Henderson, 986 F.2d at 320. The claims process allows the FDIC to quickly resolve many of the claims against failed financial institutions without unduly burdening the District Courts and increasing the receiver's administrative costs with unnecessary litigation expenses. Id.; see also McAndrews, 989 F.2d at 17 ("If courts were to construe FIRREA so as to shield from its grasp all claims arising from contracts formed before FIRREA's enactment, Congress's efforts to protect the public from existing and anticipated bank failures would be hamstrung."); Marquis, 965 F.2d 1148, 1154 (FIRREA was designed to create an efficient administrative protocol for processing claims against failed banks); Rosa, 938 F.2d at 396 (primary purpose of FIRREA is to quickly and efficiently resolve claims against a failed institution without resorting to litigation).
Congress has also noted the importance of the administrative claims procedure:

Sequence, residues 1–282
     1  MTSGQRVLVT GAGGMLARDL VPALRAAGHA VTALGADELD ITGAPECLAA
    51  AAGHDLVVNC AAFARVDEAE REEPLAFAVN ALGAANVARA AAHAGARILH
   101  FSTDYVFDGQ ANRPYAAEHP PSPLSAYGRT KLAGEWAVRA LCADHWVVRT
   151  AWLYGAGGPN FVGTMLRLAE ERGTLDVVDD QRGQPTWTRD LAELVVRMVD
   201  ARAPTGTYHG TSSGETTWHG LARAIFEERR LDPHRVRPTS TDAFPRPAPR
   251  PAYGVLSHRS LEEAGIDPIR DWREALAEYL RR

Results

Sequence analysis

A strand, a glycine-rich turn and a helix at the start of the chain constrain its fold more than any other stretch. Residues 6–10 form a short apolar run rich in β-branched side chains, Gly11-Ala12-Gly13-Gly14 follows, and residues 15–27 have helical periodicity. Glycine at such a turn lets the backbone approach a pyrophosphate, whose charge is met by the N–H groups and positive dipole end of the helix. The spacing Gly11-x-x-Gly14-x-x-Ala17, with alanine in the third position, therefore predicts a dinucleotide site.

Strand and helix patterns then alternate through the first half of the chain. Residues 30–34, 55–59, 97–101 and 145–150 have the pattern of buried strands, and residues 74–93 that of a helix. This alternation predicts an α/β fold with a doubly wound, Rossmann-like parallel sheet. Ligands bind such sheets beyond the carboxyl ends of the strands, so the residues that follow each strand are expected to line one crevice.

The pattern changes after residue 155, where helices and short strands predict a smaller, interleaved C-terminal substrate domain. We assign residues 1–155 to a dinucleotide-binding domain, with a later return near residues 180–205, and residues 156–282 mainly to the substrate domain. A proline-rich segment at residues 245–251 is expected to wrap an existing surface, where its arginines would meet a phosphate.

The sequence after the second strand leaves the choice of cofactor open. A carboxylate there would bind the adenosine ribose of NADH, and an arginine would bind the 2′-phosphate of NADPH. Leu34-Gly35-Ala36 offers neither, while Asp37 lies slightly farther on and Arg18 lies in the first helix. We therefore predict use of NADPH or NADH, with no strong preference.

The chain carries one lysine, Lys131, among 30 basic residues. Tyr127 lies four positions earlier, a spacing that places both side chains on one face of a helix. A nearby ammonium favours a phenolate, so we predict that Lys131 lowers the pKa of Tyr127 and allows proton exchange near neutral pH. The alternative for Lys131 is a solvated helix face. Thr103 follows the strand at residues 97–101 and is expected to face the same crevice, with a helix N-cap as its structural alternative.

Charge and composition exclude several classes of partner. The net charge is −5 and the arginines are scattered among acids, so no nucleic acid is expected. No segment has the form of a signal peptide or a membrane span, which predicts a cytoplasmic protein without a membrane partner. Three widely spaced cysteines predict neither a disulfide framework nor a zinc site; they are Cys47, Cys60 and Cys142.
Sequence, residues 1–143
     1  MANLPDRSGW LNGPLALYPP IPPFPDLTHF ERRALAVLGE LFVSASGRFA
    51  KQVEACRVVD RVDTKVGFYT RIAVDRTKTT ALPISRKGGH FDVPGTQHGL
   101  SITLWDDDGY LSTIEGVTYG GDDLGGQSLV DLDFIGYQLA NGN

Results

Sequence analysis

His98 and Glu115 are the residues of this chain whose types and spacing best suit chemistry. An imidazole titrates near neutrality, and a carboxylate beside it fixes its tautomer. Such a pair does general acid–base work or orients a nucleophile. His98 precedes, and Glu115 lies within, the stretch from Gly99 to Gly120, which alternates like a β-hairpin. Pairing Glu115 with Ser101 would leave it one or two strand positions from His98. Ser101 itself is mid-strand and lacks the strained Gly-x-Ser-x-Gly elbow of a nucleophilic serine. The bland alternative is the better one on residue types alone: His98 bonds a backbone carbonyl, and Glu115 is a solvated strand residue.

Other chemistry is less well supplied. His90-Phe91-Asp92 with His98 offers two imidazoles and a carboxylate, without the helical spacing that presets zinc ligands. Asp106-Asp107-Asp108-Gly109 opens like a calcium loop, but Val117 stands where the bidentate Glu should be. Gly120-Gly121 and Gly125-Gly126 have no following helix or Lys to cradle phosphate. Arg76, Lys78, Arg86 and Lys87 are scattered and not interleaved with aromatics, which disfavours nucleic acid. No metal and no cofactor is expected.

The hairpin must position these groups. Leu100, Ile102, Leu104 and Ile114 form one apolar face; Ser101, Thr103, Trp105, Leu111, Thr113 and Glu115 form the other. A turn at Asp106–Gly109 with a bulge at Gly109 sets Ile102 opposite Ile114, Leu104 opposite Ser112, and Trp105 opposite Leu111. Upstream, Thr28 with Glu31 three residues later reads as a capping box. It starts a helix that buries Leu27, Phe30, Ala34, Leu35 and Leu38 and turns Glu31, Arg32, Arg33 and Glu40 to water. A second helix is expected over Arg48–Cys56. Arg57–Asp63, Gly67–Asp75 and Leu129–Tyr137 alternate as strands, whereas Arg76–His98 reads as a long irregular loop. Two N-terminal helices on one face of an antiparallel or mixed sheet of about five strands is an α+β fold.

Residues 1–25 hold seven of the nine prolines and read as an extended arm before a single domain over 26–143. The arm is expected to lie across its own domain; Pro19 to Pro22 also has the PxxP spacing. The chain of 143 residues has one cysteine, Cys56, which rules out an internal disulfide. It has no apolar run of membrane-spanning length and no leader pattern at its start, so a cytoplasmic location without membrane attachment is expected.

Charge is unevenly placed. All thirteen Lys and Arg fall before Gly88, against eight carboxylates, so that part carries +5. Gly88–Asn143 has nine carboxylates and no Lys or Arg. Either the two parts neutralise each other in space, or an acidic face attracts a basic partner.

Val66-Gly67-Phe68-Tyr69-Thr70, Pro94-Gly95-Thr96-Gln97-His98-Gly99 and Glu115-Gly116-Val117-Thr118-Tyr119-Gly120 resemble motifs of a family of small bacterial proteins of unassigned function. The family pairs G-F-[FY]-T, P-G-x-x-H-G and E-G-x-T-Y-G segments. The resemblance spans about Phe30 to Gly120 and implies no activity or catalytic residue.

. . .
Resort to either the District Court or administrative process is available only after the claimant has first presented its claims to the FDIC.
This construct of administrative resolution and de novo judicial review is responsive to the constitutional and statutory concerns with the FSLIC's current claims adjudication process as outline by the Supreme Court in Coit Independence Joint Venture v. FSLIC, [489 U.S. 561, 109 S. Ct. 1361, 103 L. Ed. 2d 602] (March 21, 1989). . . .
. . . The claims determination procedure set forth in [FIRREA] creates a system which not only meets the concerns raised by the Coit case, but also enables the FDIC to dispose of the bulk of claims against failed financial institutions expeditiously and fairly.
H.R.Rep. No. 101-54(I), 101st Cong. 1st Sess., 1, 418-19, reprinted in 1989 U.S.Code Cong. & Admin.News 86, 214-15.
Congress passed FIRREA as a remedial statute to cure the disastrous effects of the savings and loan failures. In order to accomplish this task, Congress clearly intended the exhaustion requirements to apply to all claims, regardless of when the underlying acts relating to those claims occurred. Had this not been the case, all of the preexisting claims on insolvent banks that forced them into receivership would not be covered by the very statutory scheme enacted to cover them.